Then I started playing some of the Sony first party and second party exclusives. So I had a run there of Dark Souls, Dark Souls 2: Scholar Of The First Sin, Dark Souls 3, Bloodborne, The Last Of Us Remastered, Nioh, Horizon Zero Dawn, God of War, NieR Automata, Spider-Man, Days Gone (loved it regardless of the hate), Death Stranding (loved it regardless of the hate), and Nioh 2.

For me, gaming entertainment has never got anywhere near the consistent high level of quality that I experienced during that run… and I’ve still got The Last Of Us Part 2 and Ghost Of Tsushima in the backlog. I never had a backlog before PlayStation 4. It’s well over 100 games long and I’m enjoying trying to whittle it down before the PlayStation 5 releases. Trouble is for every game I beat, I’ve normally bought a further four or five… so when I say whittling it down, I’m being deliberately misleading.
colonelkilgore69

Greatest generation
A difficult question for me as I like to get all consoles if I can (they and their games can be picked up for virtually nothing once the next generation comes out) but I have to admit I have a great fondness for the PlayStation 2.

That was when Sony was so dominant that the other companies basically didn’t exist, which you’d think would lead to complacency but they knocked it out of the park with so many great games in so many genres. If it hadn’t been for the Switch they would’ve done the same thing this generation.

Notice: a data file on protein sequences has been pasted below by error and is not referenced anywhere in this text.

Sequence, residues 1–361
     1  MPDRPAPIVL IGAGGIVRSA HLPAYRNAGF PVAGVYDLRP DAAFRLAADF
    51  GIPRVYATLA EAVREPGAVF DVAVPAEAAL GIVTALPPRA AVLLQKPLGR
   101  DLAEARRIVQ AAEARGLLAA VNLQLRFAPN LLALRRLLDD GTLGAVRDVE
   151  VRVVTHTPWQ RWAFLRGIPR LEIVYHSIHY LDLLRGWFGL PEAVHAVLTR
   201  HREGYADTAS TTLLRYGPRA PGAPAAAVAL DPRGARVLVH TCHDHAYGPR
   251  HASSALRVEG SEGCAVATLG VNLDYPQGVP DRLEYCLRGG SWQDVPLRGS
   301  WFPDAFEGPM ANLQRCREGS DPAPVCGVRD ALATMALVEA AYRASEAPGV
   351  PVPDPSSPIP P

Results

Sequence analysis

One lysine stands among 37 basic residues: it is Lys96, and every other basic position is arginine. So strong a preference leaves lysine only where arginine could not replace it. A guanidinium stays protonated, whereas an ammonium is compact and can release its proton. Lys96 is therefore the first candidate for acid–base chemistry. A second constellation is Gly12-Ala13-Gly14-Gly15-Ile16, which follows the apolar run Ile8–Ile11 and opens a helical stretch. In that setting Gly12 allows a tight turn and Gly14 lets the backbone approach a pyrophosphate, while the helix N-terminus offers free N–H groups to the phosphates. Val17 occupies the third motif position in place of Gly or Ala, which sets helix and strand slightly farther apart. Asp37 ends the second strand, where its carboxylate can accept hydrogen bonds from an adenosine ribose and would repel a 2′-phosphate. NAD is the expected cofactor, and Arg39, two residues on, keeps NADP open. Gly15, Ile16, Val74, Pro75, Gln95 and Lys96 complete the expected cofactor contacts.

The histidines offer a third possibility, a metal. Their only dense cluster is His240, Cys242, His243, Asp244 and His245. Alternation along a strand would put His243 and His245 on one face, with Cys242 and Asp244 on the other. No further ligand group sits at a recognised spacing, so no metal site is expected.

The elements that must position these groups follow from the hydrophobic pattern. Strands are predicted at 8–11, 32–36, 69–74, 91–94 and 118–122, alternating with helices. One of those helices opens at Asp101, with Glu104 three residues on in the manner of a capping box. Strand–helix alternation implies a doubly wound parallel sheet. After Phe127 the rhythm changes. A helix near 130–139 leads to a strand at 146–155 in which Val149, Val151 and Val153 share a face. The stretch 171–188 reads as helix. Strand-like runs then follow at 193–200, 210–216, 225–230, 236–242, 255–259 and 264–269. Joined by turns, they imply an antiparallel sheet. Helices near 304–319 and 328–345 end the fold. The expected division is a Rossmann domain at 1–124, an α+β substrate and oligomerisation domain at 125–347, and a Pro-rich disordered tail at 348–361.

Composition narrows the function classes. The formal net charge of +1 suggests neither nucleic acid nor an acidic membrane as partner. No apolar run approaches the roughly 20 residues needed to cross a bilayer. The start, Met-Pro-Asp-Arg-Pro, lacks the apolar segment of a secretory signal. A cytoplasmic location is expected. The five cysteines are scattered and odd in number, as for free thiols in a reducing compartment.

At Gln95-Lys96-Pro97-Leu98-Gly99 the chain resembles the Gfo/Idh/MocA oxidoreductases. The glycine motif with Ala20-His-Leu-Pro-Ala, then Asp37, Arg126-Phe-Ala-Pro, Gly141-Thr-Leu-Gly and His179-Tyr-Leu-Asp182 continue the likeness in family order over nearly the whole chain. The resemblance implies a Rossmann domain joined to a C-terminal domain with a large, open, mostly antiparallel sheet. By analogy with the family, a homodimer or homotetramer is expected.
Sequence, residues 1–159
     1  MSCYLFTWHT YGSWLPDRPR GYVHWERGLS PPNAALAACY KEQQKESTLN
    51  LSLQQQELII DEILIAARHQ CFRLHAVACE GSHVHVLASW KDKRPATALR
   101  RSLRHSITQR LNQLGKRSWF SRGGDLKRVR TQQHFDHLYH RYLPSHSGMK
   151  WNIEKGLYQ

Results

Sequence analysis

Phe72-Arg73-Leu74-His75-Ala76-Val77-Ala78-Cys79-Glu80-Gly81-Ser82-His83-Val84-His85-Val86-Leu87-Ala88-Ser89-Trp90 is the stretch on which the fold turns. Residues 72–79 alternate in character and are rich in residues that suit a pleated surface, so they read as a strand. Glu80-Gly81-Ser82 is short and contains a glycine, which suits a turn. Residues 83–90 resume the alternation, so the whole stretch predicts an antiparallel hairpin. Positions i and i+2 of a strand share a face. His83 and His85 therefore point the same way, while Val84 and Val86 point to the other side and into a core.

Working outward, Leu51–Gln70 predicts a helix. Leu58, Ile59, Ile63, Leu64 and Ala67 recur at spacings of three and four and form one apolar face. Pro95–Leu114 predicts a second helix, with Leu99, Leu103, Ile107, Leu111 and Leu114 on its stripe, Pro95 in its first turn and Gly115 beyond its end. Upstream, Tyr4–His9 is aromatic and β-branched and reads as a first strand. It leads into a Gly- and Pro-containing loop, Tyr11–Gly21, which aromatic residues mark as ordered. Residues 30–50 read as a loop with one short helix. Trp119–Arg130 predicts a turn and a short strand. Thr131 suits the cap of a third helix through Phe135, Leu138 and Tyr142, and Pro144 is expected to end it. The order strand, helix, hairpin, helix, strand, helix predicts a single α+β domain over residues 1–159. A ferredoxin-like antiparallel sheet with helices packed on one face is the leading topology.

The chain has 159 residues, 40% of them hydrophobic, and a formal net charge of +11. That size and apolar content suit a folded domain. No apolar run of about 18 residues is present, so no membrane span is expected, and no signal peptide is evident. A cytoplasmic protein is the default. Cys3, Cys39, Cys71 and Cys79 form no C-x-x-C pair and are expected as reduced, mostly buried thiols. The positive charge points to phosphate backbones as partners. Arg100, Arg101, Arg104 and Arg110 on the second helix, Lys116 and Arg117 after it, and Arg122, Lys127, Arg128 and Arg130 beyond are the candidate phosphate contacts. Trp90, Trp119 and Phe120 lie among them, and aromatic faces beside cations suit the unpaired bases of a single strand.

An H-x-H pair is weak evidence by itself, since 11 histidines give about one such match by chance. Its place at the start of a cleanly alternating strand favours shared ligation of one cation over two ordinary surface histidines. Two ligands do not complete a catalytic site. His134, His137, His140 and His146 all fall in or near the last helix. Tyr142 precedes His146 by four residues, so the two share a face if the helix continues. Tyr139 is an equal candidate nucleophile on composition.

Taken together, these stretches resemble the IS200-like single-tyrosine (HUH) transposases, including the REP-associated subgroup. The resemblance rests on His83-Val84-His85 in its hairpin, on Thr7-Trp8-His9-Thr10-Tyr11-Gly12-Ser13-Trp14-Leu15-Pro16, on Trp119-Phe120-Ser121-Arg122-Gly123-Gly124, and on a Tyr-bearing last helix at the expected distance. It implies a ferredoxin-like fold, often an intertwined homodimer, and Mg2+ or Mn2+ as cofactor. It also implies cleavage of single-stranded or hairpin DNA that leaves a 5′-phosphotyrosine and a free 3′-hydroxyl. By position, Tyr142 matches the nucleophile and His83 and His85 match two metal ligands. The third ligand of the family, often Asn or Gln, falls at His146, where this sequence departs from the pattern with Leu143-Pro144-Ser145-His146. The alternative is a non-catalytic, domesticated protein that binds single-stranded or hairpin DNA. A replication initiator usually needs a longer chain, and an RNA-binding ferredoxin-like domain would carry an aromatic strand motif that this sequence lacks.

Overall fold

Baker

Consoles forever
I watched the Console Wars documentary recently, which is being currently shown on Sky Documentaries, and I must admit, I really was just too young or just not in the right place, or had the means unlike today, to see or hear the hype for the early consoles. The NES seemed to have always existed, and the Master System I heard about after the Mega Drive!

If I was maybe in America and saw more cable network adverts and Walmart in-store demonstrations and advertisements, etc. I’d be more aware. The documentary was definitely American based and the battlegrounds seemed to have been fought out more there. The UK I believe had computer wars, with Spectrums and Commodore 64s and Amigas eventually.

Altered Beast, Strider, Revenge Of Shinobi, and eventually Sonic The Hedgehog came over as game changers, in this new world of next generation gaming for me. As I got and read more gaming magazines the world was definitely getting more exciting. Coupled with Dominik Diamond’s GamesMaster excitement and hype could commence.

The Super Nintendo would eventually be the first console to enter my house as my own, as previously it was my mate’s Mega Drive being bought over by him on his visits to my home. Super Mario World, Zelda: A Link To The Past, and Donkey Kong Country would be my initial favourites, with many after also being the best gaming experiences of all time.

Nostalgia, memories, nurturing gaming skills, immersive gameplay with graphical and musical delights, brings it all home to me when indie gaming continues to advance the formula of the 16-bit years. To play these now and to rekindle past bygone years, is what made the SNES my all-time favourite console. It launched me on a new journey and basically raised me to what I am like now, in the new console gaming world. Forever grateful.
Alucard

E-mail your comments to: gamecentral@ukmetro.co.uk

The small print
New Inbox updates appear every weekday morning, with special Hot Topic Inboxes at the weekend. Readers’ letters are used on merit and may be edited for length.

You can also submit your own 500 to 600-word Reader’s Feature at any time, which if used will be shown in the next available weekend slot.

You can also leave your comments below and don’t forget to follow us on Twitter.